JacketAh, jeez – as with so much else we know, it ain’t so. If Horace Greeley ever said, “Go West, young man,” it was in the context of quoting someone else who said, “Go West, young man,” and that may even have been an attempt to create a Greeley-sounding quote. Whatever the case, for some it was advice many young men had already taken on their own. Among them were the trappers and traders who pushed into the Rocky Mountains to forge relationships or fight with the Native Americans over the lucrative fur business.

In 1820, William Wyeth is determined that he is going to make his fortune in the West and prove to his father that he is a man of worth. He signs on with a trapping company in the frontier town of Saint Louis and heads out under the guidance of an experienced captain. Thus begins his adventure, and it is a wild one.

Wyeth is also coming up against the consequences of the fur trade. The companies he works for are pushing the boundaries of American influence against the settled Spanish and the British and French trappers who have long considered the West theirs for exploitation. With each tense encounter, the possible causes of war increase, and some of Wyeth’s companions would not necessarily mind the consequences. And the success of the trade means that more trappers and traders want to get in on it, so resources are disappearing even as conflicts are building.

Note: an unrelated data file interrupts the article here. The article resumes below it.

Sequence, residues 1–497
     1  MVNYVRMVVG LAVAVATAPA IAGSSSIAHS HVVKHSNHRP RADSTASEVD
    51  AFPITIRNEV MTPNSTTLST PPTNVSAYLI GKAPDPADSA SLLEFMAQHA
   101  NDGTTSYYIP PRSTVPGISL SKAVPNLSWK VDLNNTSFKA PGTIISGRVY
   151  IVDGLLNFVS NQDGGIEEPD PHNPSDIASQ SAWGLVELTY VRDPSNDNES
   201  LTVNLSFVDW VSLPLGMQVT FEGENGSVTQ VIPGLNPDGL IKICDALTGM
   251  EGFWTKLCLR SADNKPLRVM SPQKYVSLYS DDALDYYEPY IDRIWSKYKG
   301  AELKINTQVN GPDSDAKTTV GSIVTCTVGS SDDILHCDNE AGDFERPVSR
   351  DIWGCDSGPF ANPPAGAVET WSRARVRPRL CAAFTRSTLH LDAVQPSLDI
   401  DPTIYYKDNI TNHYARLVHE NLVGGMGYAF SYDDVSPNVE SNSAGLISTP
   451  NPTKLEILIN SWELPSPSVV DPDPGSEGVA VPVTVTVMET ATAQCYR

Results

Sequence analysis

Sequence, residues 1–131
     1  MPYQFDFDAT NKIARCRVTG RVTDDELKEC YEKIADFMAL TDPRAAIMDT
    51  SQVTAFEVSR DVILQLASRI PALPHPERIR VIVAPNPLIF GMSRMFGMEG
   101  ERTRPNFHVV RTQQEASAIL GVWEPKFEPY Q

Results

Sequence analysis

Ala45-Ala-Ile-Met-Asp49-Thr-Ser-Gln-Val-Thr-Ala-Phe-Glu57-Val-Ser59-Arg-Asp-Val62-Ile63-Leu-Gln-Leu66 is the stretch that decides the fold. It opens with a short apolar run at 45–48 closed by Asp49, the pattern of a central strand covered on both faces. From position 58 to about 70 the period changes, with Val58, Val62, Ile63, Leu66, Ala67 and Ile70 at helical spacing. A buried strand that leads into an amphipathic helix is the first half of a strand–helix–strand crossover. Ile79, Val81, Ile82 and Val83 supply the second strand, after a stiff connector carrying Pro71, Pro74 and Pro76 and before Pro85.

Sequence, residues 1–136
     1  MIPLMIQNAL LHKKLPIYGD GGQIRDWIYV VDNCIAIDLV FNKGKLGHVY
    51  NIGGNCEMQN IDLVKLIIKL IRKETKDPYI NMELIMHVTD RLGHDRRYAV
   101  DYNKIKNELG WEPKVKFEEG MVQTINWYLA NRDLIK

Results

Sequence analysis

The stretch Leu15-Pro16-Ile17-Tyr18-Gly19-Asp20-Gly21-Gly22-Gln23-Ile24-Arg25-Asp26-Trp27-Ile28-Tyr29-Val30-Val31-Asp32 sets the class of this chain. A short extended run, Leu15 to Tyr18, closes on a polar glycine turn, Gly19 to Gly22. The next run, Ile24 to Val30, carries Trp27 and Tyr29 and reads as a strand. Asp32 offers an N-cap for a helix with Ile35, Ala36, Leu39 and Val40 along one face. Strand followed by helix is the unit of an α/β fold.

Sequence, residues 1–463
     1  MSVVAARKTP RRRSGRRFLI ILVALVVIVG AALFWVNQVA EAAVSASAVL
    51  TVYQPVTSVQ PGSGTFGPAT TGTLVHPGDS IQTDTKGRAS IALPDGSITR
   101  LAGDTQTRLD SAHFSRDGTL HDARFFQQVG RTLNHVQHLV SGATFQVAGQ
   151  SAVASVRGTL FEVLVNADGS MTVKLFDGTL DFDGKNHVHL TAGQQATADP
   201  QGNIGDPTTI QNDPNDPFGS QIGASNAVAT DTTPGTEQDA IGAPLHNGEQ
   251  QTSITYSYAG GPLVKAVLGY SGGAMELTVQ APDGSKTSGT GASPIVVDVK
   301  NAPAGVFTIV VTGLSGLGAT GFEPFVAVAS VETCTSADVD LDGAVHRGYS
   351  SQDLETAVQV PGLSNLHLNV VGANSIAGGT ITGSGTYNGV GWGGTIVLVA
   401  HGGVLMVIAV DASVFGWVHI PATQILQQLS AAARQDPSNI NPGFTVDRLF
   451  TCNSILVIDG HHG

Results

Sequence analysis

Burke takes the tropes of the American Western and turns them into a literary jewel. His beautiful depictions of the landscape, exciting details of hunting, trapping, racing, and close observations of both the white men and the natives he encounters become opportunities for Wyeth’s self-examination on the meaning of manhood. There’s also a satisfying love story, a complex antagonist who helps Wyeth determine his own course, and men who open Wyeth’s eyes to the complexity of the native cultures.  Into the Savage Country offers an old-fashioned Western feel and a wonderful coming of age story.

Check the WRL catalog for Into the Savage Country

Read Full Post »

cleanThis urban fantasy/science fiction novel started as a free serial on the Ilona Andrews web site. The authors — Ilona Andrews is the pen name of a husband and wife writing team — wanted readers to have a chance to comment on the story as it developed. They published the weekly entries as a book in 2013.

Dina Demille runs a bed and breakfast in a small Texas town. When she pulled out her broom to fight off an intruder, I assumed she was a witch. But the story surprised me. The Inn is lodging for otherworldly visitors, and Dina is an Innkeeper, someone whose duty is to provide sanctuary.